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A crib mobile with the elements all separated and out-of-reach from each other: baby & money being on either side of the couple
Kiersten Essenpreis for Money

Millennials have been (unfairly) mocked as the generation uninterested in conventional adult life. They’ve been criticized for being slow to adopt everything from marriage to homeownership, so it’s no surprise that people in their 20s and 30s in the U.S. are also having fewer kids than ever.

The number of new births dropped by 4% in 2020, according to data released last month. Some experts attributed the decline to the pandemic, which brought higher rates of depression and a general malaise about the future, making couples uninterested in sex and worried about...well, everything.

Yet America’s birth rate was falling long before the pandemic arrived. In fact, 2020 was the sixth straight year of fewer new babies in the U.S. Americans’ reasons for putting off children — or not having them at all — are complicated. But there’s growing recognition of the role that money plays. Nearly 3 in 5 millennials without children say they don’t have any because kids are just too expensive.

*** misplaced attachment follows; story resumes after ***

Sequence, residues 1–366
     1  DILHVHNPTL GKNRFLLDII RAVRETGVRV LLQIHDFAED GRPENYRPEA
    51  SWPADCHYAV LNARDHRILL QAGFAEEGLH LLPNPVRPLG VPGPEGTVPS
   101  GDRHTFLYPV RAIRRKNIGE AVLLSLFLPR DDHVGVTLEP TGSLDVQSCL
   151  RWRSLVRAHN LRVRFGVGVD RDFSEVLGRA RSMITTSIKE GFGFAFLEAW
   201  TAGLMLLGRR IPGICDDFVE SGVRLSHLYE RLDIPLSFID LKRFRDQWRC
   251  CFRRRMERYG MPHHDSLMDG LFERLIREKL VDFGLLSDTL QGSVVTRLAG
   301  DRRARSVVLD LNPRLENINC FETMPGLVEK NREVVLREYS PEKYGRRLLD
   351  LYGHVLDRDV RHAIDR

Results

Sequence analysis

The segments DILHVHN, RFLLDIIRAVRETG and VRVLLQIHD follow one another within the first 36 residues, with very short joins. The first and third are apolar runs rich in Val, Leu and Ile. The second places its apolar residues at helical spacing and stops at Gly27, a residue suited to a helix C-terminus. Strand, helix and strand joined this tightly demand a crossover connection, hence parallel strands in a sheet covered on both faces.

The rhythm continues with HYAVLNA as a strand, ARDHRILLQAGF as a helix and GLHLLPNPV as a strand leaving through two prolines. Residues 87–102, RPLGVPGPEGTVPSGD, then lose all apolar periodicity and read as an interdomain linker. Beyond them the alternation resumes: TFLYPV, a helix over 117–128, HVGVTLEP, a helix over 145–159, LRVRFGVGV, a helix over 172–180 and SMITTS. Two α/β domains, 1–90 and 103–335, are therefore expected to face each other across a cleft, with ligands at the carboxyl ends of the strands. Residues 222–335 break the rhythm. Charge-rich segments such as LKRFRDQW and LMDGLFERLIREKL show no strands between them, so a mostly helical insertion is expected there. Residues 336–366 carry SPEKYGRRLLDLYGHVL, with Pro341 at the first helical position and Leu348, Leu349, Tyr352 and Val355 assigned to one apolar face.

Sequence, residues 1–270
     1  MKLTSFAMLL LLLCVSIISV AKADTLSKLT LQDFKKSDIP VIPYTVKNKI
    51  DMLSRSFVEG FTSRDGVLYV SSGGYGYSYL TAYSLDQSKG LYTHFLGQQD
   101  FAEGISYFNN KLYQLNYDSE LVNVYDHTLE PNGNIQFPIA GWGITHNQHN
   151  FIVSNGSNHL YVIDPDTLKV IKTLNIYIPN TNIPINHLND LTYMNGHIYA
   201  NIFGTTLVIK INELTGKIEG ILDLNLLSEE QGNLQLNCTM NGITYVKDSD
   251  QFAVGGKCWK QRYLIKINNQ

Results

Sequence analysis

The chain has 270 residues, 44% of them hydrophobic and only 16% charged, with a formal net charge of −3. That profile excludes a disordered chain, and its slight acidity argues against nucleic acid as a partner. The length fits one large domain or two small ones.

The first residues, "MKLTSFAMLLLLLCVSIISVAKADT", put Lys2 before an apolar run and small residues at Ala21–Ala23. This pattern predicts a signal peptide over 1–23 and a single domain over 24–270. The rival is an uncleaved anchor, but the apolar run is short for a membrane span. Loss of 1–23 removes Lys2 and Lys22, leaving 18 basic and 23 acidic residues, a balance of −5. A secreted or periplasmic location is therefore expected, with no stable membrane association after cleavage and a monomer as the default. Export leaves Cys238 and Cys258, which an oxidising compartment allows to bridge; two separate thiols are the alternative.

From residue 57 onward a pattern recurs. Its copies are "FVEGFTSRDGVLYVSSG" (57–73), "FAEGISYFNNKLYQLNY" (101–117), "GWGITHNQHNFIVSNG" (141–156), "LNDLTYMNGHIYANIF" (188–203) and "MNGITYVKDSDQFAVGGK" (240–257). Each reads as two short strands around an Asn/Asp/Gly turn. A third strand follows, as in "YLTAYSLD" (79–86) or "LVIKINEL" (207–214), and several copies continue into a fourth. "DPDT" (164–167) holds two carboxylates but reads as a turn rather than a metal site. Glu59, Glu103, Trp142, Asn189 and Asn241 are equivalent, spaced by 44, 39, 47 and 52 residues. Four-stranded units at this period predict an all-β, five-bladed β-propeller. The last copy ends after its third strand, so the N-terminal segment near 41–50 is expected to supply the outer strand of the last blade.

As child care has become increasingly pricey and the post-pandemic economic recovery has been unevenly distributed, is it possible that having kids is becoming a privilege that’s financially out of reach for many?

It’s increasingly expensive to raise a child in the U.S.

Having a kid is pricey, and it starts right when the baby is born. Labor costs on average are more than $4,500 per childbirth, even if you’re insured, and the price of maternity and newborn surgeries has risen by 60% over the past decade, according to the Kaiser Family Foundation.

Then comes child care, which is expensive in the U.S. almost no matter where you live. While some states provide free pre-K, there’s no federal initiative to provide free or affordable care for kids ages 0 to 3. That cost ends up falling on parents, who data show are struggling to keep up.